Ever since the November 2020 version was released, I had been curious about the what's and why's of the changes that were made to the July 2017 version. Whether we choose to drop the term "servant-leader" (to describe a Scrum Master) from our vocabulary is altogether a different (and contentious) conversation. For now, let us quickly take a look at the noticeable changes.
Development Team v/s Developers
The 2020 update does away with the concept of Development Team, which had the connotation of a team within the Scrum Team. Henceforth, we would be using the term Developers.
The Scrum Team consists of one Scrum Master, one Product Owner, and Developers. Within a Scrum Team, there are no sub-teams or hierarchies.
Self-organizing v/s Self-managing
The Scrum Guide now uses the terms “self-managing” and “self-management” to emphasize that Scrum Teams choose “who, how and what to work on”. The 2017 version used the terms “self-organizing” and “self-organization” to describe that Development Teams chose “who and how to do work”. In both cases however, it was evident that the Scrum Team does not operate as directed by those outside the team.
Servant-leader v/s True Leader
The term servant-leader was removed, and Scrum Masters are now described as “true leaders who serve the Scrum Team and the larger organization” The Scrum Master is accountable for the Scrum Team’s effectiveness.
Though it has been almost six-months since the release of the 2020 update, the term "servant-leader" is still very much in use in all the conversations taking place within the Agile community.
The Sprint Planning ceremony now attempts to answer the following questions:
- Why is this Sprint valuable?
- What can be Done this Sprint?
- How will the chosen work get done?
The question "why is the Sprint valuable?" was added to draw more focus on the commitment that is "Sprint Goal". So, this change echoes the newly introduced concepts of Commitments.
As a stance, the Scrum Guide November 2020 version is less prescriptive and no longer lists the set of three questions like the older version. The purpose of the ceremony is clearly stated, but the structure and technique is left open-ended to the interpretations of the Developers.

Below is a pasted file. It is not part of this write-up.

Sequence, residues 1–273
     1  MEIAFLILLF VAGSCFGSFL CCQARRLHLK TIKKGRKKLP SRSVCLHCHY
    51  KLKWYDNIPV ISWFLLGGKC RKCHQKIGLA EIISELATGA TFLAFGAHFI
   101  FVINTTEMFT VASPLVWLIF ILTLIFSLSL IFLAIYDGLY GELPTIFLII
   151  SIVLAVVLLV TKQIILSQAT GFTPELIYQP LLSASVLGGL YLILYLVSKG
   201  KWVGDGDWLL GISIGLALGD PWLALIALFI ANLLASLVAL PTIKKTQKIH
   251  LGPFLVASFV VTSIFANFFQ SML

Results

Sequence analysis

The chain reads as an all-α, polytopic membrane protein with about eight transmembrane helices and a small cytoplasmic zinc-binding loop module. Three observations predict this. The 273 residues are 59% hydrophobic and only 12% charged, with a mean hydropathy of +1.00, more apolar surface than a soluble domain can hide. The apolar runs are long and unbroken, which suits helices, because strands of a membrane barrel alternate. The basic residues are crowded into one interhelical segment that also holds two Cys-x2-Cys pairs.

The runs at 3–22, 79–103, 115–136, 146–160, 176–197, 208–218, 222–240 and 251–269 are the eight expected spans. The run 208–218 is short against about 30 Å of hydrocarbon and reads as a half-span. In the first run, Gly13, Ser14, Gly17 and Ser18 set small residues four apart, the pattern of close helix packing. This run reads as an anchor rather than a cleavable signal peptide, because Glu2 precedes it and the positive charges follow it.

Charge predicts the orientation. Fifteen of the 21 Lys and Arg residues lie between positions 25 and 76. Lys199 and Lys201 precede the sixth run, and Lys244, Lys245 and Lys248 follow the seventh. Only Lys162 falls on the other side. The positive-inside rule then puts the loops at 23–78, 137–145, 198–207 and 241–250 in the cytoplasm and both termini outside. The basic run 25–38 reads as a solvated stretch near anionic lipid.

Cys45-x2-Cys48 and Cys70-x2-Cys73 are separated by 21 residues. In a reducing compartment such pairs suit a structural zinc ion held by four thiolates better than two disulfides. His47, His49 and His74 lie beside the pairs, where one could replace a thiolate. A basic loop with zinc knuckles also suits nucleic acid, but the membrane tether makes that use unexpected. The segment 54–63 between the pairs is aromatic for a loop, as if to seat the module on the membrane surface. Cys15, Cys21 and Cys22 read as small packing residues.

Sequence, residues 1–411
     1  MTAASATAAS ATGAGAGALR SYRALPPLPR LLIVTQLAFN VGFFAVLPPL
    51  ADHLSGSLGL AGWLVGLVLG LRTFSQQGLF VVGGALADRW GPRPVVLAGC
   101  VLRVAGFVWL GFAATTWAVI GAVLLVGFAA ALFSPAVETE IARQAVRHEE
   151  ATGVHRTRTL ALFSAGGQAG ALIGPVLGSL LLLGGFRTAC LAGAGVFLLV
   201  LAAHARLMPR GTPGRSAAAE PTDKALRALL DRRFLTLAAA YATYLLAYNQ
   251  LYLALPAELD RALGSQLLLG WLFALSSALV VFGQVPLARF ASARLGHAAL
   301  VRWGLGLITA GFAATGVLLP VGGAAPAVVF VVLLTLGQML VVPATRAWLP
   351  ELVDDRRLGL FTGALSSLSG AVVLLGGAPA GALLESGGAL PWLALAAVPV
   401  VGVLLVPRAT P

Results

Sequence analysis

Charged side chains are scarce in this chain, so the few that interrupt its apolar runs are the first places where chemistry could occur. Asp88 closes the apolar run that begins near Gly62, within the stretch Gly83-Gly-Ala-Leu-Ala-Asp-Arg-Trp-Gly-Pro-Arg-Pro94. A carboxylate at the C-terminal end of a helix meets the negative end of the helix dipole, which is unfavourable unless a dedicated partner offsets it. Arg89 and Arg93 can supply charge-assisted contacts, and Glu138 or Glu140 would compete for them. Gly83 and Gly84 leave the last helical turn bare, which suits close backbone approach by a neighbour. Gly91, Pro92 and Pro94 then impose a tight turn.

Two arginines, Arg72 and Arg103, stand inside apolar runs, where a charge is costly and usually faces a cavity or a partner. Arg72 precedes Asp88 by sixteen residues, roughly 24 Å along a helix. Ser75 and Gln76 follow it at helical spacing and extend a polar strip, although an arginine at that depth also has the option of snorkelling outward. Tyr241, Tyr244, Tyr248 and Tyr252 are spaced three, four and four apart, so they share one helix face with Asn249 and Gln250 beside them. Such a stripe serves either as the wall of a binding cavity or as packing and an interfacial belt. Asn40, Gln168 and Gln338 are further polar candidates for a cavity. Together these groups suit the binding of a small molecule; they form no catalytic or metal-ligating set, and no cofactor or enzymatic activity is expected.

Earlier, it was suggested that by the end of the Sprint Retrospective, the Scrum Team should have identified improvements that it will implement in the next Sprint. But now, though the Scrum Team identifies the most helpful changes to improve its effectiveness their addition to the upcoming Sprint Backlog is optional.
Accountabilities v/s Roles
The current update of the Scrum Guide is sprinkled with a generous dose of the terms "accountable" and "responsible". One of the most frequently used term "roles" has now been replaced by "accountabilities".
The Scrum Guide November 2020 version clearly outlines the commitment for each artifact.
Jeff Sutherland: The 2020 Scrum Guide is shorter, more focused, and has One Team. In addition to tying the three artifacts to goals with commitments, we addressed two of the biggest challenges in the industry: servant leaders who don’t lead, and self-organizing developers doing whatever they want and not meeting the commitments.
In the 2017 version of the Scrum Guide "vision" is only mentioned once in the context of the Increment.
The increment is a step toward a vision or goal.
An ode to the importance of Product Goal, the 2020 version goes on to emphasize
The Product Goal is in the Product Backlog. The rest of the Product Backlog emerges to define “what” will fulfill the Product Goal.
Definition of Done
As consequence of removing the idea of Development Teams from the Scrum Guide, the responsibility to create the Definition of Done now falls upon the Scrum Team. Earlier, it was the created by the Development Teams if there wasn't one defined by the development organizations.
In stance of being less prescriptive, the Scrum Guide 2020 update simply suggests a team size of 10 or fewer people.